The four experts' testimony are not contradicted by objective evidence and so this Court is in the position where it must make a determination to credit the testimony of either the Plaintiffs' or Defendants' experts based on the Court's understanding of and belief in what was said at trial. On that basis, the Court finds that the Defendants' experts provided evidence at trial that is more credible than the testimony provided by the Plaintiffs' experts.

         III. Findings of Fact

         Having reviewed and carefully considered the evidence and arguments presented at trial, the Court makes the following findings of fact:

         A. Summary

         1. The core of the Plan's Investment Strategy was to invest the assets used to fund the TSAs more heavily in equities than participants invested their hypothetical accounts, on the theory that equities would be expected to outperform fixed income options over the long term. The Plan did this by matching or “hedging” participant equity investments with Plan equity investments and investing approximately 60% of participant fixed income investments in equities.

         2. In fact, the Investment Strategy failed. During the transfer period, equity markets experienced historic downturns, and the Plan's greater allocation to equity investments caused its investment returns to be significantly less than the aggregate returns credited to participant accounts. The Court finds, having observed the testimony of the witnesses, assessed their credibility, and considered the entirety of the evidence, that Defendants did not retain a profit as a result of the transfer. To the contrary, the evidence persuasively shows that the Plan experienced a net investment loss as a result of the Investment Strategy applicable to the TSAs, because it was more weighted in equities during a period when equity markets significantly underperformed fixed income investments.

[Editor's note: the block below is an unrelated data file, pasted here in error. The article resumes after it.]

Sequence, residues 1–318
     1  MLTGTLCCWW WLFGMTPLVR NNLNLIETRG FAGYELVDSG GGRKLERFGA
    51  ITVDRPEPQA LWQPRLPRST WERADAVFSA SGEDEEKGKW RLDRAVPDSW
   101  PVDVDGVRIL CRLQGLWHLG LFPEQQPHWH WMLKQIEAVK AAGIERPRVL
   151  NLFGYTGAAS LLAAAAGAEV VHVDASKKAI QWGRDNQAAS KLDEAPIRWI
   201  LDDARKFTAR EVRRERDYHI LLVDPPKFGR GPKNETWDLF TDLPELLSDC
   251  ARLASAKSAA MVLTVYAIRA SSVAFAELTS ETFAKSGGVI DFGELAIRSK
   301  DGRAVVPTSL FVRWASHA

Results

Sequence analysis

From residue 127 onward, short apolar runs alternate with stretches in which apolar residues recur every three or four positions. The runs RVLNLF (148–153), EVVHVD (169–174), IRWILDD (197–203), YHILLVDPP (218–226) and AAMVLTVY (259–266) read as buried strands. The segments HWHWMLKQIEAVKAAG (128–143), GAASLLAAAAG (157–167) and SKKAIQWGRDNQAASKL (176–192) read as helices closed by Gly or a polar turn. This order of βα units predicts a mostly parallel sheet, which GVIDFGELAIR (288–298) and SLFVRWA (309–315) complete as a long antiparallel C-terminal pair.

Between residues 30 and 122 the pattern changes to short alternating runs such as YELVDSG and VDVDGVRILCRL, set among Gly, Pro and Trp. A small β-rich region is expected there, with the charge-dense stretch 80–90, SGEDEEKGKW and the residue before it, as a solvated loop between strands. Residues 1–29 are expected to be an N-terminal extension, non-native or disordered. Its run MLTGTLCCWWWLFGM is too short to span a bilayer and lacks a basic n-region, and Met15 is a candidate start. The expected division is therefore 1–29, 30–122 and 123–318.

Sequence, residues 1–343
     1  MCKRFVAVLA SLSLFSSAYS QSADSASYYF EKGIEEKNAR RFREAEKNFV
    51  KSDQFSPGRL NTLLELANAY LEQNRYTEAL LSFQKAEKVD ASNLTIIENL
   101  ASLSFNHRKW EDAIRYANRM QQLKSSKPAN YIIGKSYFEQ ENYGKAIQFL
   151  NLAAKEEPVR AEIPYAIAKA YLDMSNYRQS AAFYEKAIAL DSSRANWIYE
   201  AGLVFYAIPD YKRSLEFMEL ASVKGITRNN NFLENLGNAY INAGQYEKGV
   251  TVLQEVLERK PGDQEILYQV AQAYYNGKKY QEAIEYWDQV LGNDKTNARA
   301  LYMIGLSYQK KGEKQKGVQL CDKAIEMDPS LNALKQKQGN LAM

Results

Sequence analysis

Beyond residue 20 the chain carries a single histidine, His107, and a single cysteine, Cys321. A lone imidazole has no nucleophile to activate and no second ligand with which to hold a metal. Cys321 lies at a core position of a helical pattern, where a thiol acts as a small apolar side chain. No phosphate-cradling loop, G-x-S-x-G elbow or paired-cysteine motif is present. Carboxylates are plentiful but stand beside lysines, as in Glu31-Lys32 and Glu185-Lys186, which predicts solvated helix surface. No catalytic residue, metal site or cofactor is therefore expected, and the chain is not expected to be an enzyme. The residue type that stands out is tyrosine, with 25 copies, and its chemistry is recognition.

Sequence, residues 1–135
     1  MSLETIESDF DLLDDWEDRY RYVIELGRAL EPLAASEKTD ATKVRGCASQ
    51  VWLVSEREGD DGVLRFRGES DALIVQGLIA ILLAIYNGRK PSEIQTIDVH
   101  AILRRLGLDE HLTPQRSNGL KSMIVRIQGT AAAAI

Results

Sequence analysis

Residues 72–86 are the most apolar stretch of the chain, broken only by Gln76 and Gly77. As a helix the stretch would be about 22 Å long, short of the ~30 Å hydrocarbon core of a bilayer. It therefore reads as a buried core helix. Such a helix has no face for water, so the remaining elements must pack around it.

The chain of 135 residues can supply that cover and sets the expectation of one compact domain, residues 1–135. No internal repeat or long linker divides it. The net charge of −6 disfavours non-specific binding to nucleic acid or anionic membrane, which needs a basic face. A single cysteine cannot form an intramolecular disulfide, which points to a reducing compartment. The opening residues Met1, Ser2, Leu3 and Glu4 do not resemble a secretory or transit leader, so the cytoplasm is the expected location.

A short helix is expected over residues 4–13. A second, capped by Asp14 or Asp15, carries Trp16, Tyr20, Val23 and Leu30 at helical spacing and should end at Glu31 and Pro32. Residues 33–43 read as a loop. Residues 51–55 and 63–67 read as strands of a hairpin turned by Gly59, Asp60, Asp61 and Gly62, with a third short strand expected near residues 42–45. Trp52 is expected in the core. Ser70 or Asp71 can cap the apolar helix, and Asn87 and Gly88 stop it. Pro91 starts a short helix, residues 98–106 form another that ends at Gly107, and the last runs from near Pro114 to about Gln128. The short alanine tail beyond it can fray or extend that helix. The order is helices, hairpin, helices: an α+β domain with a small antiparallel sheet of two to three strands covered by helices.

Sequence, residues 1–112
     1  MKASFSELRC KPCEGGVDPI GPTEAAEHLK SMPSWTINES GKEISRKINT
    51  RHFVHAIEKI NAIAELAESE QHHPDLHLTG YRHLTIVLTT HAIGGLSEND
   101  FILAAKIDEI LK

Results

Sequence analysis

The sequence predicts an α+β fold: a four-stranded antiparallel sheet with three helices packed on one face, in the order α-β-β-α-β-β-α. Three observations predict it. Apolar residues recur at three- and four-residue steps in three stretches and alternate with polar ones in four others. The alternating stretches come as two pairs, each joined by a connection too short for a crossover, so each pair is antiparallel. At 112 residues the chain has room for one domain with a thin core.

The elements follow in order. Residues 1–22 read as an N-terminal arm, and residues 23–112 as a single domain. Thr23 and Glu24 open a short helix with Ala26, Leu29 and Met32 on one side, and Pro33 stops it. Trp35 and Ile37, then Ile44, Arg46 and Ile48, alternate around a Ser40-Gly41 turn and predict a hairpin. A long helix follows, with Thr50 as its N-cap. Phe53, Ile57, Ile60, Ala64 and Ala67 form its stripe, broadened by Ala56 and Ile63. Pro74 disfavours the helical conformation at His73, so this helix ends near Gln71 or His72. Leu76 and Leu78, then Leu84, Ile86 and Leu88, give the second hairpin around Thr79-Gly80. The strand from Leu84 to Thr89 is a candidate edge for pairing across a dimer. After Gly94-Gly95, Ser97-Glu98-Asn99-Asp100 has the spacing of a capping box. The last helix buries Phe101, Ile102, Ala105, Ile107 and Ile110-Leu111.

3. Defendants have provided calculations of the amount of the Plan's losses resulting from the transfer including, as set forth in more detail below, calculations based on contemporaneous records of investment returns maintained in the ordinary course of business. Those calculations show that the Plan incurred an investment loss of approximately $143 million attributable to the transfer.

         4. In addition, Defendants paid participants approximately $108 million in Transfer Guarantee payments and made more than $21 million in payments to the IRS and to restore separate accounts in the TSA Plan as required by the Closing Agreement. In total, Defendants' calculation of the losses attributable to the transfer exceeds $270 million.

         5. Plaintiffs have criticized various aspects of the investment loss calculations presented by Defendants' expert, Dr. Russell Wermers, and David Andreasen, a senior Vice President of the Bank responsible for Pension Plan investments. But Plaintiffs have failed to quantify or credibly explain how their criticisms would turn a failed Investment Strategy from a loss into a profit. What matters here is whether Defendants retained a profit as a result of the transfer; the precise amount would be relevant only if the Court found that the evidence demonstrates a profit. The Court finds the evidence does not support a conclusion that Defendants realized a profit.

         6. Plaintiffs' expert witnesses presented two alternative analyses allegedly showing a profit. Plaintiffs' expert Lawrence Deutsch opined that the Plan actually profited by more than $454 million. The difference between Mr. Deutsch's analysis and Defendants' analysis turns on two major points. First, Mr. Deutsch calculates profit based on all investment returns earned on all assets in the Plan-including investment returns on legacy fixed-benefit obligations that pre-date the transfer. For the reasons discussed below, the Court rejects this approach, finding it to be a less accurate and reliable means of measuring whether there was any profit retained from the transfer because it captures investment returns that the Plan would have earned even if the transfer did not occur. In addition, as a matter of equity, the Court finds that this proposed methodology is inappropriate and inferior to calculating profit based on the actual Investment Strategy utilized with respect to the TSAs. This methodology also appears to be at odds with the type of assessment contemplated by the Fourth Circuit and the method for determining investment return “spread” that the IRS approved.

         7. Second, Mr. Deutsch's profit measure rests on an individual-by-individual calculation of participants' hypothetical returns and excludes from the calculation individual participants for whom there was a negative “spread”-i.e., whose hypothetical investments outperformed the Plan, causing the Plan to incur losses.[1] The Court has already rejected this approach as inconsistent with the Fourth Circuit's ruling. But even if it were not, the Court finds that this approach to calculating “profit” would not serve the purposes of equity here and would instead be punitive in nature, particularly given that participants have already received all benefits which they were promised.